With the 2016 Olympics in Rio now drawn to a close I want to share with you my experiences of the last Olympics in my home city. When London won the games in 2012 the whole country was elated, shocked and then worried the whole thing would be a giant fiasco we’d have to live down until the end of days. It wasn’t just a case of self-depreciating Britishness. We’d never held anything of that scale in London (not since 1948), and hosting the games in a city where public transport was already stretched with 8 million Londoners seemed to be a flawed plan before we even got onto the logistics of holding events in venues never used before all over the capital.
As the games dawned, the newspapers were filled with horror stories and living in London you heard many of them from friends; like how they’d ordered a set of speakers big enough to blow the back doors off a rave for the announcements at the ladies sycronised swimming. The whole thing seemed destined to fail. Then, gradually, the mood started to shift, and people started to get excited. The parks in London put up big screens so we could come together, drink our favourite beverage and sit on the soggy grass to watch the opening ceremony, and the world watch us.
Where I lived in East London was a bike ride from the Olympic Park. Everything that happened on TV we could see and hear first. There was controversy over the choice of film director Danny Boyle to direct the opening ceremony, but he knocked it out of the (Olympic) park. It was dramatic, it was funny, it went off with out a hitch. And by the time HRH Queen Elizabeth walked through the palace with Daniel’s Craig’s James Bond, Twitter was having a meltdown and Danny Boyle was the toast of London.
Despite the success of the opening ceremony I, like many Londoners, had decided to escape months beforehand and had booked myself on a yoga retreat in Turkey.
I packed my mat, forgot about the games and woke to the sound of goat bells and the call to prayer high up in the mountains. But, when I came back, ‘Super Saturday’ had turned the whole country upside down, the entire nation was in love with Jessica Ennis and Team GB, and was glued to the television in homes, pubs and parks across the country.
Immediately feeling a sense of FOMO (Fear of Missing Out!), I dived into every event I could. I went to Jamaica house to watch Usain Bolt win the 200 metres, and go nuts with one hundred Jamaican fans when he did. Hyde Park opened its gates to thousands every day and we went to watch Mo Farah in his highly anticipated second race. The security lines at the park gates were so long that, once people got through, they’d start legging like they were in a zombie film . . . not looking back, leaving behind loved ones and anything they couldn’t carry because watching Mo win was more important.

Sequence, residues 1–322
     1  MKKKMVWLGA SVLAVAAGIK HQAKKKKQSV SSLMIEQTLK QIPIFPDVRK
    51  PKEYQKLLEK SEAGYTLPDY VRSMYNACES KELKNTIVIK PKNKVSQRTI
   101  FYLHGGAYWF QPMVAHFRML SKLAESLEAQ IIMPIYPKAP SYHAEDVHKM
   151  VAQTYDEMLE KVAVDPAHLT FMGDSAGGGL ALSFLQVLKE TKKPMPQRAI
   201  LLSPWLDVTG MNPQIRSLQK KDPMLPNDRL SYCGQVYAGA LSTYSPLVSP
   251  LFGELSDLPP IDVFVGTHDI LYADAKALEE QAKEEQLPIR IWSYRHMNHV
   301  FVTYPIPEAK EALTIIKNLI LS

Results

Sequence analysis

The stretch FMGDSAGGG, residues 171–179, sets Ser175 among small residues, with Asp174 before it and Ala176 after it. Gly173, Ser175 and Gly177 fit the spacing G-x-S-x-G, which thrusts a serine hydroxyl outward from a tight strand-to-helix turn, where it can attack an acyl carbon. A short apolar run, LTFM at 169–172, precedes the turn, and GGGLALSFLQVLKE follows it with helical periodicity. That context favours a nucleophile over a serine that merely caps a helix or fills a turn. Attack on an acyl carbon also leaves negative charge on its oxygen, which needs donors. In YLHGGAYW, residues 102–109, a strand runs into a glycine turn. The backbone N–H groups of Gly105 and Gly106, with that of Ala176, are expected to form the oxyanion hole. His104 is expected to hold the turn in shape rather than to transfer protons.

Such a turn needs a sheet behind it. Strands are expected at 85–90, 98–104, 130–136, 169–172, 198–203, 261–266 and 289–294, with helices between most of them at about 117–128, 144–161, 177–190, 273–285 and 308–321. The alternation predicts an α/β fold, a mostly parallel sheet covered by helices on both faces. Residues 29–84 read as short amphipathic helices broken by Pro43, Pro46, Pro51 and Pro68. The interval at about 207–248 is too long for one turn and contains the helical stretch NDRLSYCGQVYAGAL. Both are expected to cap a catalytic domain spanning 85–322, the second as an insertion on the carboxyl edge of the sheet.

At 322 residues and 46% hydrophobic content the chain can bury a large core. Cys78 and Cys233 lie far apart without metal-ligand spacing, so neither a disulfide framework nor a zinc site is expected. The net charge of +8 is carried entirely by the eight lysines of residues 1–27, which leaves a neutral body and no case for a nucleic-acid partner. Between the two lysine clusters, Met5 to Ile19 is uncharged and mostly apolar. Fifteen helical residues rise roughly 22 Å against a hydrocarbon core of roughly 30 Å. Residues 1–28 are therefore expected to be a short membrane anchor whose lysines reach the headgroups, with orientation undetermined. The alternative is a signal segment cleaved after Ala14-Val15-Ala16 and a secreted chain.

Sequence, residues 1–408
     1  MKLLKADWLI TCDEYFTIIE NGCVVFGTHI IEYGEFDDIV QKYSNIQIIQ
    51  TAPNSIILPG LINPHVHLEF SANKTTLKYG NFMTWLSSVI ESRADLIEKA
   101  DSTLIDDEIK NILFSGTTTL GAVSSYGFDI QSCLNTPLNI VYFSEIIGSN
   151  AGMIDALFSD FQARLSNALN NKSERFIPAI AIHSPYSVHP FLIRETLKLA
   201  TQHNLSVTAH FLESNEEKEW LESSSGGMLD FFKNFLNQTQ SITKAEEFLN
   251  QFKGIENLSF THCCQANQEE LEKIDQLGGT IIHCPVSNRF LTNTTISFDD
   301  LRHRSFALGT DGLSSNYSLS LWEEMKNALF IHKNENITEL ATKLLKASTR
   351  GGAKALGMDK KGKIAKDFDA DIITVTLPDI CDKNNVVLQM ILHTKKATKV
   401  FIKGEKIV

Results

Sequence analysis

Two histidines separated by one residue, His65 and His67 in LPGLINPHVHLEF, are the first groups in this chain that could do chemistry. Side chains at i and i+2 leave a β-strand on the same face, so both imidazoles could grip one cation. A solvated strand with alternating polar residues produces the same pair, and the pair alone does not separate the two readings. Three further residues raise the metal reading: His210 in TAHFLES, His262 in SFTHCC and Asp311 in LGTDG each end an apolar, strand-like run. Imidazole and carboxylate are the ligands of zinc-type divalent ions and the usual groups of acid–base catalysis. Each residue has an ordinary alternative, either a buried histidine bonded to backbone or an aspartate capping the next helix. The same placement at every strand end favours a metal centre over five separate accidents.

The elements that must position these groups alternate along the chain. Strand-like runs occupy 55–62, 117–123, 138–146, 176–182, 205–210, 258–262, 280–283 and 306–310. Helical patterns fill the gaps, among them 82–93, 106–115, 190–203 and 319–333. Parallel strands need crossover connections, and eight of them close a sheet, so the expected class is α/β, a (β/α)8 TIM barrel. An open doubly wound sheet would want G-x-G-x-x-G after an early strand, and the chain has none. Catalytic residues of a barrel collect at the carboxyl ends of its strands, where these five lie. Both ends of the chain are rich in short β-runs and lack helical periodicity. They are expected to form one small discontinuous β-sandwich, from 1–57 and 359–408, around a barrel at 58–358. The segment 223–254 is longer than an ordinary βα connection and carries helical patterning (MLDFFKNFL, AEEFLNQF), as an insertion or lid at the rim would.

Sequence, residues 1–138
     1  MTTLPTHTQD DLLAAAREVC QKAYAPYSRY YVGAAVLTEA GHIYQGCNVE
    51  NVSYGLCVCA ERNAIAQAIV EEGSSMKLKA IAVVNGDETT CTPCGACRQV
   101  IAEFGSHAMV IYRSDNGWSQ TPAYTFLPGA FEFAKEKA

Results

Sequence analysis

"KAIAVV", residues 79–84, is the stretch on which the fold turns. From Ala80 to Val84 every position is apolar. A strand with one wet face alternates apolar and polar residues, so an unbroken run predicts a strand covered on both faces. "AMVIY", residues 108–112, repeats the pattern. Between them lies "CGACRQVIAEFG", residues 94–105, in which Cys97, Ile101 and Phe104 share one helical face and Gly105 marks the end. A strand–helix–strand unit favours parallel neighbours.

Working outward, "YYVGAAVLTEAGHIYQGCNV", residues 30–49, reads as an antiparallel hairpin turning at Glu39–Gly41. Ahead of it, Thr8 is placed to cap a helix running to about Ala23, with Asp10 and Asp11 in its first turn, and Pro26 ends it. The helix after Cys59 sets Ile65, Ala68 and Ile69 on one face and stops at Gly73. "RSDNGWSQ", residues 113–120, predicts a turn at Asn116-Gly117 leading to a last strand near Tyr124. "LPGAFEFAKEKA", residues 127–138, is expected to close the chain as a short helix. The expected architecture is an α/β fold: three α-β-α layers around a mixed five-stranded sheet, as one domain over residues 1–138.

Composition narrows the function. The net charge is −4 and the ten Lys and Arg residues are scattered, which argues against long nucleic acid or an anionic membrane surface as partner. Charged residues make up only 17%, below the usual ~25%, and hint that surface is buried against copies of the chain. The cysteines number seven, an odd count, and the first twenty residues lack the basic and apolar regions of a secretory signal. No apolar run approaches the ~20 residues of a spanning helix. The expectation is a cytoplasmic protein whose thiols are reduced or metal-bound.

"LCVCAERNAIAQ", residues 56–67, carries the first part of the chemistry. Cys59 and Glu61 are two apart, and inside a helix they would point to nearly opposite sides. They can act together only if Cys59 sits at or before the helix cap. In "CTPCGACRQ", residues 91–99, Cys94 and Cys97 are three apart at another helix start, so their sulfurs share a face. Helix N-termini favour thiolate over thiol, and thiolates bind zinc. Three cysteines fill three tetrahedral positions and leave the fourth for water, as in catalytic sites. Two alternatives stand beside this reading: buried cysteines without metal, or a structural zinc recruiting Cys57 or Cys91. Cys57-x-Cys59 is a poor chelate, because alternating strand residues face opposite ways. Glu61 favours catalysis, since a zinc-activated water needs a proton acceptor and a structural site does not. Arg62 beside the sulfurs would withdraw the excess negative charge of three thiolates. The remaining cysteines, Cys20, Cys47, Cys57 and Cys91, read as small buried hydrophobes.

But the highlight for me, and the first time I stepped into the Olympic stadium, was for the Paralympics. Being inside for the first time, I actually blinked my eyes like a cartoon character – I literally couldn’t believe my eyes. The roar from the crowd was electrifying. The sound actually moved around the stadium like a wave and, when your section was cheering, you couldn’t hear anything at all.
Watching from the stadium got my TV brain buzzing as to who directed what and how because they’d move from event to event seamlessly. Even when someone was injured, the live commentary directed your attention somewhere else and to the next event. The seated Javelin was a humbling feat of strength and bravery.
But the one I remember most was the sight impaired runners who run with a buddy who keeps them on track. One runner was much slower than everyone else in the race. I can’t remember the distance, but I do remember he was lapped quite early on and still just kept going. At some point the crowd took over and, every time he went past, this heroic roar went rippling around the stadium, cheering on the people’s champion no matter how long it took him to finish. It made me realise how team GB had stormed to victory in so many events because, with the sound of that crowd behind you, any one of us could believe we’re capable of anything.
And so the games came to an end. At the closing ceremony (when DJ Fat Boy Slim dropped, ‘Right Here, Right Now, if any of you know it!) it felt the whole world was watching us and we were part of something bigger than ourselves. We joined thousands of other Londoners and characters in Trafalgar Square for the final procession of the athletes on open top buses through the city. We stayed long after the procession had gone. Most people did. The games had been a magical moment in London’s history and we’d been lucky enough to be part of it.
Here are a few photo memories I’d like to share with you: